7. The computer-implemented method of claim 1, wherein the messaging request further includes a messaging request type indicator that identifies the messaging request as one of a one-time messaging request and an ongoing messaging request, in the event the messaging request type indicator identifies the messaging request as an ongoing messaging request, the computer-implemented method further includes:
virtually connecting a first port object with the first public messaging interface;
virtually connecting a second port object with the second public messaging interface; and
passing a plurality of messages and corresponding responses between the first extension process and the second extension process via the first port object and the second port object.
8. The computer-implemented method of claim 1, wherein the messaging request comprises a JAVASCRIPT Object Notation object.
9. The computer-implemented method of claim 1, wherein the threat assessment includes a security threat assessment indicating whether or not the second extension process includes malicious content.
10. The computer-implemented method of claim 1, wherein the threat assessment includes a functional threat assessment indicating whether or not the second extension process is poorly formed.
11. The computer-implemented method of claim 1, wherein accepting or rejecting the messaging request based on the threat assessment includes comparing the threat assessment with a threat tolerance level of the first extension process.
12. A non-transitory recordable storage medium having recorded and stored thereon instructions that, when executed by a computing device, cause the
implement, in a web browser executing on the computing device, a first extension process including at least one of a list of extension IDs trusted by the first extension process and a list of extension IDs untrusted by the first extension process, the first extension process being functionally isolated from a second extension process that is implemented in the browser, the second extension process including at least one of a list of extension IDs trusted by the second extension process and a list of extension IDs untrusted by the second extension process;
present, by the first extension process, a first public messaging interface;
receive, by the first extension process at the first public messaging interface, a messaging request from a second public messaging interface of the second extension process, the second public messaging interface being different than the first public messaging interface, the messaging request including a unique extension ID of the second extension process; and
determine, by the first public messaging interface, whether to accept or reject the messaging request, the determining including:
comparing the unique extension ID with the at least one of the list of extension IDs trusted by the first extension process and the list of extension IDs untrusted by the first extension process;
in the event the unique extension ID matches an extension ID in the at least one of the list of extension IDs trusted by the first extension process and the list of extension IDs untrusted by the first extension process, respectively accepting or rejecting the messaging request; and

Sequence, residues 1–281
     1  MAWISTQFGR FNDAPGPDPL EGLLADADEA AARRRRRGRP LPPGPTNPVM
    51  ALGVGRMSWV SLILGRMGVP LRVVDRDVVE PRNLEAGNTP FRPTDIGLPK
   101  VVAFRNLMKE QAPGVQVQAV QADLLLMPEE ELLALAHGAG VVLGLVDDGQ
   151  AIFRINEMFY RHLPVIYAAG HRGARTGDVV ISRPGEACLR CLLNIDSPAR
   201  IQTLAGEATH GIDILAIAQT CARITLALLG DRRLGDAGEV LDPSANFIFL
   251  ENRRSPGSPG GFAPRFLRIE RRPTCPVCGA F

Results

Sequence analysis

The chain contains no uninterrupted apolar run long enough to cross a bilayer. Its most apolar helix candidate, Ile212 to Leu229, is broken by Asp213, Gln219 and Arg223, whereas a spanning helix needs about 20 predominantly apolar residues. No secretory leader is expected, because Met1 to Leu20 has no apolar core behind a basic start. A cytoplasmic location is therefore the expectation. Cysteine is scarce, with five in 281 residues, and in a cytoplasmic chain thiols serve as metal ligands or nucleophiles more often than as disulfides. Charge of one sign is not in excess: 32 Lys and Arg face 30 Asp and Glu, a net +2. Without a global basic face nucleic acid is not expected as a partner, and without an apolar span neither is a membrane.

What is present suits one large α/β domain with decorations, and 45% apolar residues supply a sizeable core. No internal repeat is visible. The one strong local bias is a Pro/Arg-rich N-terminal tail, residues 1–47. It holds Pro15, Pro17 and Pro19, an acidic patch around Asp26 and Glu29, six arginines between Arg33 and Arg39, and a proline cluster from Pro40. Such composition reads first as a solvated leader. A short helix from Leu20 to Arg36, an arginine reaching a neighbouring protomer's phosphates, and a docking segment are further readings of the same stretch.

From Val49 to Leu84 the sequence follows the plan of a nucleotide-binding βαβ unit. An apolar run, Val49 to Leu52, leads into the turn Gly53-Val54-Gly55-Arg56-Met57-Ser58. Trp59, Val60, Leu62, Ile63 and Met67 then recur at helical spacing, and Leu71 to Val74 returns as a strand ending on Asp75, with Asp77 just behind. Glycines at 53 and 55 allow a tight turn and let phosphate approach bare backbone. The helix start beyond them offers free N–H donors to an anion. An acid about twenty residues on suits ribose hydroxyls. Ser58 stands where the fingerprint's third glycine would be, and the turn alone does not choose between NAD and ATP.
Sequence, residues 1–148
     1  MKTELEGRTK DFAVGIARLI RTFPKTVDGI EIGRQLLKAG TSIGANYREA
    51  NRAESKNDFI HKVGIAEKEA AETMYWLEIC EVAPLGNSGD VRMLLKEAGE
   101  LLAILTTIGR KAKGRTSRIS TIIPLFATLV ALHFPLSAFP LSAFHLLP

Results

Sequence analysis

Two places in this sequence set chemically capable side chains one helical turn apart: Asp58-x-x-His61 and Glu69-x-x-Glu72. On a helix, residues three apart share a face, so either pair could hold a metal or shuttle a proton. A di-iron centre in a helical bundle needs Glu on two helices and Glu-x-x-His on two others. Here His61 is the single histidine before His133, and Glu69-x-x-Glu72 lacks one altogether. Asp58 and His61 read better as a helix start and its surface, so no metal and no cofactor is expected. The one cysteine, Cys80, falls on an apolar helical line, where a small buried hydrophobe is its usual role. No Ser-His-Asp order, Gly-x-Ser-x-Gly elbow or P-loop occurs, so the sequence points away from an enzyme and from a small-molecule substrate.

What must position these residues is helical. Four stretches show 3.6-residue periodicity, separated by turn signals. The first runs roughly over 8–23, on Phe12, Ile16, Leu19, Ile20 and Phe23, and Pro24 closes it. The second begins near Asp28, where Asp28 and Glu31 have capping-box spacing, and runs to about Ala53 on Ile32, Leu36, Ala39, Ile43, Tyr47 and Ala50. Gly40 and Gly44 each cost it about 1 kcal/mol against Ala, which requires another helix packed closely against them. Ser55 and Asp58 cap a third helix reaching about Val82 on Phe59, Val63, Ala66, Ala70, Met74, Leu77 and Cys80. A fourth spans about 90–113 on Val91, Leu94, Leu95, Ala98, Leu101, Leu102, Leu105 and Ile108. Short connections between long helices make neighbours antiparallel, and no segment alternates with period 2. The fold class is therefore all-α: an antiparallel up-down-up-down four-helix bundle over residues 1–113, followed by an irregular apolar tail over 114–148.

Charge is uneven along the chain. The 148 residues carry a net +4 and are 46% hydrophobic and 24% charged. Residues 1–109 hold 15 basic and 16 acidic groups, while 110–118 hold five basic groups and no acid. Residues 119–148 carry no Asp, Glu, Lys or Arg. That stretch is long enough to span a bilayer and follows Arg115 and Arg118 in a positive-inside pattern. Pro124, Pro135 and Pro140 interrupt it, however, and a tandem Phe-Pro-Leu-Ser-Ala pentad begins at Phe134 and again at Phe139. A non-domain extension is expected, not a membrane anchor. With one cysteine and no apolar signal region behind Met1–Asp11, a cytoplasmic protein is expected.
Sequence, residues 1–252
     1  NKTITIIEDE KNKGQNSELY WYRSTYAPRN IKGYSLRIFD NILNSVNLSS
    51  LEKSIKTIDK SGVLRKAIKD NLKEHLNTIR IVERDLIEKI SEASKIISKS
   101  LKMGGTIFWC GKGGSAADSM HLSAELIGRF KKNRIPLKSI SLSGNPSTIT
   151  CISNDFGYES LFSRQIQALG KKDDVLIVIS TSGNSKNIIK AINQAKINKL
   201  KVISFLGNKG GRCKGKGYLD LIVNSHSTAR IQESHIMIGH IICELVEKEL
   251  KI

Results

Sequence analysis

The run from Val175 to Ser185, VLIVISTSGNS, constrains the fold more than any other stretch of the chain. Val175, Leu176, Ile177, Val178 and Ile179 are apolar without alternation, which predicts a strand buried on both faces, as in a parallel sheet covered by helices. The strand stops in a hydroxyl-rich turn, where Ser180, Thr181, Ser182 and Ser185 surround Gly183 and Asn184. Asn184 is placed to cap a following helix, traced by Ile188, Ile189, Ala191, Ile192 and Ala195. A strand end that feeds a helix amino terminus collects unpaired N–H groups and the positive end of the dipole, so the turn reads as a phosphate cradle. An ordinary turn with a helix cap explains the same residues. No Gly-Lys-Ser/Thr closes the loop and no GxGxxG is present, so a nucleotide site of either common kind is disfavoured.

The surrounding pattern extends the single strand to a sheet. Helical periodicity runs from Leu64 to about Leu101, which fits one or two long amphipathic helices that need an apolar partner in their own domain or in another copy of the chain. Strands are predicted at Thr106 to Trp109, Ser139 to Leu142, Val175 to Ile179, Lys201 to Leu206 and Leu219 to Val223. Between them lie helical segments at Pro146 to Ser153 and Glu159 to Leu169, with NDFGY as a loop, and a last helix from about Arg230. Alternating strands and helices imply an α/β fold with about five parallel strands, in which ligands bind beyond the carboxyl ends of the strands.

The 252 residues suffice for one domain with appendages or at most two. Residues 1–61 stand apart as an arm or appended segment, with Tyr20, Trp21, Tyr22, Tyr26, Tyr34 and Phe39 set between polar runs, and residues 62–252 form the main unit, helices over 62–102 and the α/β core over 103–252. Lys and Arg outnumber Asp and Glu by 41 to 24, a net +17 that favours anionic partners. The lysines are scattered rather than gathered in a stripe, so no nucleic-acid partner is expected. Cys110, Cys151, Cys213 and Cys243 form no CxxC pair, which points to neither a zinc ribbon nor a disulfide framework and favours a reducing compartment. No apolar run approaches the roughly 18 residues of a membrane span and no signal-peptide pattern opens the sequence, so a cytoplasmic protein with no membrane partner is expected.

in the event the unique extension ID does not match an extension ID in the at least one of the list of extension IDs trusted by the first extension process and the list of extension IDs untrusted by the first extension process:
sending a request for a threat assessment for the second extension process to a web-based resource, the request including the unique extension ID;
receiving, from the web-based based resource in response to the request, the threat assessment for the second extension process; and
accepting or rejecting the messaging request based on the threat assessment.
US13/110,893 2010-05-18 2011-05-18 Inter-extension messaging Active 2032-03-17 US9477534B2 (en)

Priority Applications (4)

Application Number Priority Date Filing Date Title
US34599910P true 2010-05-18 2010-05-18
US34600010P true 2010-05-18 2010-05-18
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US13/110,903 Active 2032-05-20 US8600803B1 (en) 2010-05-18 2011-05-18 Incentivizing behavior to address pricing, tax, and currency issues in an online marketplace for digital goods
US13/110,907 Active US8620914B1 (en) 2010-05-18 2011-05-18 Ranking of digital goods in a marketplace
US13/110,776 Abandoned US20150205489A1 (en) 2010-05-18 2011-05-18 Browser interface for installed applications
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US13/110,895 Active 2032-03-24 US8732474B1 (en) 2010-05-18 2011-05-18 Safe installation of browser extensions
US13/110,796 Active US8650481B1 (en) 2010-05-18 2011-05-18 Stable and secure use of content scripts in browser extensions
US13/110,901 Active 2031-07-05 US8725585B1 (en) 2010-05-18 2011-05-18 Automatic vetting of web applications to be listed in a marketplace for web applications
US13/110,878 Active 2031-11-10 US8849957B1 (en) 2010-05-18 2011-05-18 Installable web applications
US13/110,885 Active 2031-12-16 US8667487B1 (en) 2010-05-18 2011-05-18 Web browser extensions
US13/246,850 Active US8255494B1 (en) 2010-05-18 2011-09-27 Installable web applications
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US13/246,789 Active US8407584B1 (en) 2010-05-18 2011-09-27 Stable and secure use of content scripts in browser extensions